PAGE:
B2B Website Redesigns and Voice Search: What You Need to Know
Originally published in Adotas
“More than ever before, customers are doing the work salespeople once did. They search, they seek information — they research on their own. Too often, companies make their customers work too hard to find the information they need. Despite the constant chatter about user-friendly content, many websites still aren’t set up with the end user in mind.
In the new age of voice search, SEO, and competition for consumer attention, failing to optimize a website redesign for allowing users to easily search and find information is a costly mistake for B2B companies.
When considering a website redesign, the most important things to focus on are what user experience expert Gerry McGovern calls “top tasks.” These are the critical functions visitors to the site seek to accomplish, and they often are buried among other internally prioritized initiatives. Failing to optimize for your visitors’ top tasks will impede their ability to find what they are looking for and will negatively impact their overall user experience and, with that, the website’s ability to rank for key searches.
Let’s consider a construction company website that has the goal of selling services locally. The website’s current homepage is taken up by news about the company’s sustainability goals, a blog post about the company’s 100th anniversary, and an article about employees’ recent charity work. Although these might seem like topics that local building owners would be interested in, the website analytics reveal that site visitors instead use the site navigation to locate the local portfolio of recent jobs and information about what industry sectors the company specializes in. The company is essentially making the customer dig around for the information for making decisions instead of presenting that information easily and quickly.
Like all great marketing, a successful site redesign should start with the end user in mind. By focusing most prominently on what the visitor is directly after, you will greatly improve the overall experience with your website. Companies should research which tasks visitors perform most often and what information they want to get first and foremost from their websites. Once established, marketers can connect customer behaviors to KPIs and make better websites.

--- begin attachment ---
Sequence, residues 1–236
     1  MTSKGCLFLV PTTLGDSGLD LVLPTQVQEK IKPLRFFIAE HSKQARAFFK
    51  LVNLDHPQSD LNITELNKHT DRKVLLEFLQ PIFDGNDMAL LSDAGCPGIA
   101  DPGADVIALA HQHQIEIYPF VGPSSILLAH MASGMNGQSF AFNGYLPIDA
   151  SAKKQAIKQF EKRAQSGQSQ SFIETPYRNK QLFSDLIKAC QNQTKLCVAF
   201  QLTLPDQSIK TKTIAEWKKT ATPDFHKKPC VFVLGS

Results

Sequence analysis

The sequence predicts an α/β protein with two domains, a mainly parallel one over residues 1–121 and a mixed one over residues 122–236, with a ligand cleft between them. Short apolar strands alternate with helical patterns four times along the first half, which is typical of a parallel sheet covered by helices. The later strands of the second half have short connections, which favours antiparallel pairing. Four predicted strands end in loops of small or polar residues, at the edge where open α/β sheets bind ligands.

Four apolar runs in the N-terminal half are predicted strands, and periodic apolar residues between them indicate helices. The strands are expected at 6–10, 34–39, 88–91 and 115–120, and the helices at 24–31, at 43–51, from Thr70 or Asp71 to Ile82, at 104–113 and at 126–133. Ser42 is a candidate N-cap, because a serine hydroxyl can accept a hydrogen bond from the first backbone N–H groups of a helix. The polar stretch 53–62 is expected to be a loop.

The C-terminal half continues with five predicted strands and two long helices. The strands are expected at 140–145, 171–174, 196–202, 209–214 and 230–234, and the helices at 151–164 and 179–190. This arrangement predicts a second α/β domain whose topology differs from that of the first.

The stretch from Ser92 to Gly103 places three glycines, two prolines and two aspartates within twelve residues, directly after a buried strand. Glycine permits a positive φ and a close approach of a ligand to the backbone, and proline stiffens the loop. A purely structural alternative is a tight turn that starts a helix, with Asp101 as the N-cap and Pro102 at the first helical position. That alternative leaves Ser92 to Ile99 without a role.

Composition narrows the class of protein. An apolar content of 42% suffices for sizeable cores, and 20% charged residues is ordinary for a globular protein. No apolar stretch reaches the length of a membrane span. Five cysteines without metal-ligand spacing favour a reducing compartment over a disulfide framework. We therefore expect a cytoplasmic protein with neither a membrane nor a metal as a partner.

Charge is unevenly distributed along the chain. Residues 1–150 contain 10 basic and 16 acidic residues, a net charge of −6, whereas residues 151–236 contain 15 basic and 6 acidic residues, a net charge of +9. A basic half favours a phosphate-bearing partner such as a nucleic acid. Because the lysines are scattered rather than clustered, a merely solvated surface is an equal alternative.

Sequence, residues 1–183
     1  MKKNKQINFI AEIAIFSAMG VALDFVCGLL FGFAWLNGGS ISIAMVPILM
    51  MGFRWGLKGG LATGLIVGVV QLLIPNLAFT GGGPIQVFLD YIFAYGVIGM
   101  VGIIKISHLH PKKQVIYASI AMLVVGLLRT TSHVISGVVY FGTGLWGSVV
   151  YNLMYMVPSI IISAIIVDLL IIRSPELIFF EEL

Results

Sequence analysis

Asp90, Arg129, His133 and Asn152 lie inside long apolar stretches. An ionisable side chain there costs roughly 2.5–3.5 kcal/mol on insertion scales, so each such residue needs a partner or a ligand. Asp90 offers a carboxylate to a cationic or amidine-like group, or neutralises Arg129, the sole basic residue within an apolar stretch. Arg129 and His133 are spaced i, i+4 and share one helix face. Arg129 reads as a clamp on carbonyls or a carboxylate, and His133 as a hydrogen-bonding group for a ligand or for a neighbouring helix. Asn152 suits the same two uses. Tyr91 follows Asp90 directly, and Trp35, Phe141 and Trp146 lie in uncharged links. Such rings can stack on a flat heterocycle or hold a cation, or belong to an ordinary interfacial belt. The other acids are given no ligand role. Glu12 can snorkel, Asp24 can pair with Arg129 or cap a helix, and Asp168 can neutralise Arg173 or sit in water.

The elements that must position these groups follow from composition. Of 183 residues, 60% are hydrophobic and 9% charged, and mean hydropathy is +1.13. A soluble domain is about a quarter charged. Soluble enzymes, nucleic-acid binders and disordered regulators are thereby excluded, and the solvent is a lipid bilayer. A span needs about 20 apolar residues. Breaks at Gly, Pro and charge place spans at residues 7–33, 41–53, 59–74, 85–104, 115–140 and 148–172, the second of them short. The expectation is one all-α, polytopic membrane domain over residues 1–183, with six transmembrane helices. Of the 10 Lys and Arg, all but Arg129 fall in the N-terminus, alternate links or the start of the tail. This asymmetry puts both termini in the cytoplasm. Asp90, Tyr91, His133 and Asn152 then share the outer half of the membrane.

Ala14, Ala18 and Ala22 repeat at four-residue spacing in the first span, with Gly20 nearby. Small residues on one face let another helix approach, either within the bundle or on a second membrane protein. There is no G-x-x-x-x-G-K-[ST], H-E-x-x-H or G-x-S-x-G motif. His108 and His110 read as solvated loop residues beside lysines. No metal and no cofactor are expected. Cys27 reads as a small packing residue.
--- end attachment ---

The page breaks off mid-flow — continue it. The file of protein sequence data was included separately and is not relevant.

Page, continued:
Website Design Priorities for Better Search
Redesigns in 2019 should consider both what customers want to accomplish and how they plan to get there. B2B user research in 2019 will uncover new buyer behaviors that must be accounted for in new website design. Voice search is now one the most discussed optimization topics in website design for a reason. Demand Gen reports that 61 percent of B2B buyers begin their research with general search queries. By 2020, 50 percent of searches will be voice searches. The world has changed, and B2B site design must change with it.
Whether informational and product searches come to your website through Google on a browser, Siri through an iPhone, or an Alexa on an office desk, these four components are critical for incorporating the new state of search in your B2B website redesign:
1. Long-tail content